Post from the Front Line

I’ve been writing this blog for just over a year now, and I thought I had the measure of it. In my mind, its subtitle was “Thoughts on Nature, Identity and Politics”, and it was slowly growing up to be a well-behaved child . . . a little predictable, perhaps, but essentially well-mannered and nice.

But suddenly it has grown up to be a therapy-cuckoo!

I didn’t want it to be my surrogate therapist. I wanted it to be about flowers and animals and trees.

It has decided it’s going to be about my recovery process. Or about my slow slide into decrepitude. It has decided to be about my attempts or failures to come to terms with the possibility of life in a wheelchair. This means, I think, that it might contain a lot of anger, sadness and frustration, but it might also contain some insights and, I hope, some wisdom.

What I am discovering is that life in a wheelchair is slow, really slow.

I’m not talking about the speed of the chair. I’m talking about the thinking and planning. Everything takes longer than you can possibly imagine. It takes longer to get up in the morning and longer to go to bed at night.

A shower takes a lifetime, and has now become physically dangerous.

Imagine you are watching television, and you decide you want a cup of tea. Before I was in a wheelchair, that’s all I had to think, and, hey, the job was done in the time it takes for someone to tell you that a silver-coloured car with one company logo on the bonnet is infinitely superior to an identical silver-coloured car with a different logo. And if you wanted a biscuit as well, you might miss the black and white shots of moody, deserted streets or moorland roads down which the said car effortlessly glides.

But that was all.

Now, it requires logistical skill and an extensive risk assessment, as well as a certain amount of effort and bravery.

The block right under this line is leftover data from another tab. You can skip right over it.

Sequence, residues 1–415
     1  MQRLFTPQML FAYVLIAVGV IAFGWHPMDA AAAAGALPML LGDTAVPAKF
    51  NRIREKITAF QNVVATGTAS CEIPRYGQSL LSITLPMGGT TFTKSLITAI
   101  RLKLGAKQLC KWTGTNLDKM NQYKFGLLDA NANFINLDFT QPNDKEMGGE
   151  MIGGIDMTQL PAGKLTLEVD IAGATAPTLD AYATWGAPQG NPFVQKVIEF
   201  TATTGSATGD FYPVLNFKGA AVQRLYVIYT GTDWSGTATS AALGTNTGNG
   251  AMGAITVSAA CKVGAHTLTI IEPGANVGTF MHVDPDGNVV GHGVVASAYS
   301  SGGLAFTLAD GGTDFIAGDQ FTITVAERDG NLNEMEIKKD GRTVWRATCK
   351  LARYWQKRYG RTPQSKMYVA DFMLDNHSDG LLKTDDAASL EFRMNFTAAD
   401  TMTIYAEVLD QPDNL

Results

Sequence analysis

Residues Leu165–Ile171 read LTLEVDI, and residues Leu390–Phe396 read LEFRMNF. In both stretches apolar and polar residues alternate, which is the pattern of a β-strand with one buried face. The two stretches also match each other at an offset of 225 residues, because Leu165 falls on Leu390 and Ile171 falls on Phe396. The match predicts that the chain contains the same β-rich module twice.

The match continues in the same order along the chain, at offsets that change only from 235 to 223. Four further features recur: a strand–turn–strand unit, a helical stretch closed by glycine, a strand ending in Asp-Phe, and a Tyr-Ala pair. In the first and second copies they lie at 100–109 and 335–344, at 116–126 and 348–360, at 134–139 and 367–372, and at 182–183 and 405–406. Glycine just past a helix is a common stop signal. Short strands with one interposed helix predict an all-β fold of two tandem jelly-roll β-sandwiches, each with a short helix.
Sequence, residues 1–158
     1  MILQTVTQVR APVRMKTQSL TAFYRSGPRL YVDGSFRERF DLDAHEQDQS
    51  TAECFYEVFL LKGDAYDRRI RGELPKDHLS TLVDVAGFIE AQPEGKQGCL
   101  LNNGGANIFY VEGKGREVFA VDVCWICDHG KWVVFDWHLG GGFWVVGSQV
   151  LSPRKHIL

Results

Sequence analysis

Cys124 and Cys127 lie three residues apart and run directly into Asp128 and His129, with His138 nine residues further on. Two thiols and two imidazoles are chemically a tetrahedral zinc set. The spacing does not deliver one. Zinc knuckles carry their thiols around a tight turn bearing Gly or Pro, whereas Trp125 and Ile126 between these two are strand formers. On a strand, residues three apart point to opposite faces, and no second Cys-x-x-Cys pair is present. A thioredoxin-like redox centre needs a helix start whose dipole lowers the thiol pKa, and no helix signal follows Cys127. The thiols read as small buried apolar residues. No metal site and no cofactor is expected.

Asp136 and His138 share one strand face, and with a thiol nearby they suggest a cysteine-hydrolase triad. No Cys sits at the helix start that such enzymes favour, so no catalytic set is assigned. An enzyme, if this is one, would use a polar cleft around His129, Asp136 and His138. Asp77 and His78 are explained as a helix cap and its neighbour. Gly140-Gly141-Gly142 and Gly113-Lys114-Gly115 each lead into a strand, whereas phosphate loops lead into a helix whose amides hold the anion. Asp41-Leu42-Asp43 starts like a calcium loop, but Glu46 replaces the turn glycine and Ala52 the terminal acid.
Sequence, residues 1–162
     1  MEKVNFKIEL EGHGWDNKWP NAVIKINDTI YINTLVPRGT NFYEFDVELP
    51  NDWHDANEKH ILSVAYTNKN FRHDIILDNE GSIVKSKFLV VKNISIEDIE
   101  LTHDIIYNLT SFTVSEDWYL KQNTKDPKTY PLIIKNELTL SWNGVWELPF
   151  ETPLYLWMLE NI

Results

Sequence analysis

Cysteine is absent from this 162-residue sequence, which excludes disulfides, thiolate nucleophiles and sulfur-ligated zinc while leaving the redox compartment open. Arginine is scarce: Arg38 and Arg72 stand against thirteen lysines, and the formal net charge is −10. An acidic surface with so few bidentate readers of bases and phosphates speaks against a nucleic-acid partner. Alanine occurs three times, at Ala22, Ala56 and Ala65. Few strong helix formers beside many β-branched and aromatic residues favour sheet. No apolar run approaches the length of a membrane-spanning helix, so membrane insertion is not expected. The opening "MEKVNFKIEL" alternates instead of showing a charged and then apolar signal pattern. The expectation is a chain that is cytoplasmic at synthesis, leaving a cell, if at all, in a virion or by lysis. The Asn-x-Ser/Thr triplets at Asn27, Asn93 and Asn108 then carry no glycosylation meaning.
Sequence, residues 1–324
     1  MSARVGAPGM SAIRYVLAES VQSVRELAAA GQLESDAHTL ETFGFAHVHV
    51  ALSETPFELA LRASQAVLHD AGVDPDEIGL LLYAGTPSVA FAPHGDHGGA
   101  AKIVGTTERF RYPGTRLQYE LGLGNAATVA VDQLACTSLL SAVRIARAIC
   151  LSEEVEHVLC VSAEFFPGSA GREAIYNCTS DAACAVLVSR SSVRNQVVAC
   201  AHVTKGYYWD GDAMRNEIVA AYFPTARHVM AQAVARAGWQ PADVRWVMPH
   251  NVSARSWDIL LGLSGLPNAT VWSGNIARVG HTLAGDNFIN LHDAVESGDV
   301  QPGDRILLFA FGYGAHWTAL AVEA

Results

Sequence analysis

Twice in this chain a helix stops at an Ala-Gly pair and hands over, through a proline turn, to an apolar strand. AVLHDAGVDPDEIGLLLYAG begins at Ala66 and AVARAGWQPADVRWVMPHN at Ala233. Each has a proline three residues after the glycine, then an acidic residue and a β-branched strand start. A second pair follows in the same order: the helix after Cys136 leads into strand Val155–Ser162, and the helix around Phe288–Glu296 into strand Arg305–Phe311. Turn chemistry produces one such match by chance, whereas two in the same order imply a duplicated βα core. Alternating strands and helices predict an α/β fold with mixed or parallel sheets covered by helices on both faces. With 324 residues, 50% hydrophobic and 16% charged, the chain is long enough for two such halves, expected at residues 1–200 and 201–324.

Yesterday, I spent five . . . yes, five . . . hours, going to the toilet. By the end of the process I was exhausted and embarrassed. The toilet itself ended up blocked and I ended up in tears in a heap on the shower floor.

I’m sorry to be so explicit, but these are the things no-one talks about and that come to dominate your life and leave you in emotional tatters.

Amazingly, the joy and gleeful anticipation seem to go out of life. The flowers are not quite so pretty anymore.

I only hope . . . for my sake and for yours . . . that my next post from the front line will be more positive!



About stevehobsonauthor

I am blind, and I hate it. It stinks. But life is still sweet. I have multiple sclerosis, and that stinks too, but life is still sweet. These are my musings.
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8 Responses to Post from the Front Line

  1. Appreciate the honesty Steve. Better than fake posititvity. Hope that by the next post you have more reason to feel cheerful but if not keep it as grim as it needs to be.

    During my fortunately short brush with illness I remember having to time having drinks so that I could limit toilet trips. At my worst a trip to the toilet took so much energy that I couldn’t move for the next couple of hours. Practical stuff like toilet trips can take over the day but is rarely discussed. Glad that you’ve done that even though I wish your situation was different.

    Having the window open, even on cold winter days, so that I could feel the breeze and hear birdsong, was the thing that helped me most, a reminder to me that there was life going on and that it wasn’t just the practical hurdles even if they loomed the largest.

    Thinking of you. Only wish there was anything that could be done or said that could help.


  2. Bonnie says:

    Sorry you are having such difficulties. I honestly can’t imagine but I am very glad you shared this. I’m sure you will have bad days and worse ones. But I also know that flowers will be brighter again and birds will be singing. Hugs!


  3. Katy says:

    I agree it is a slow brightening of flowers, like life a wheelchair it takes mental adjustments, physical adaptions and to go though a lot of negativity to see the colours, contrast and refeel the textures of life. x


  4. Katy says:

    I am fine thank you Steve. Your last post inspired me to comment as I had to learn so much patience in a wheelchair as everything takes so long. There is always a chance for working out your own way round a problem (an alternative route) and rediscovering the colours, beauty and strength of your nature, wild life and especially flowers. It takes time.


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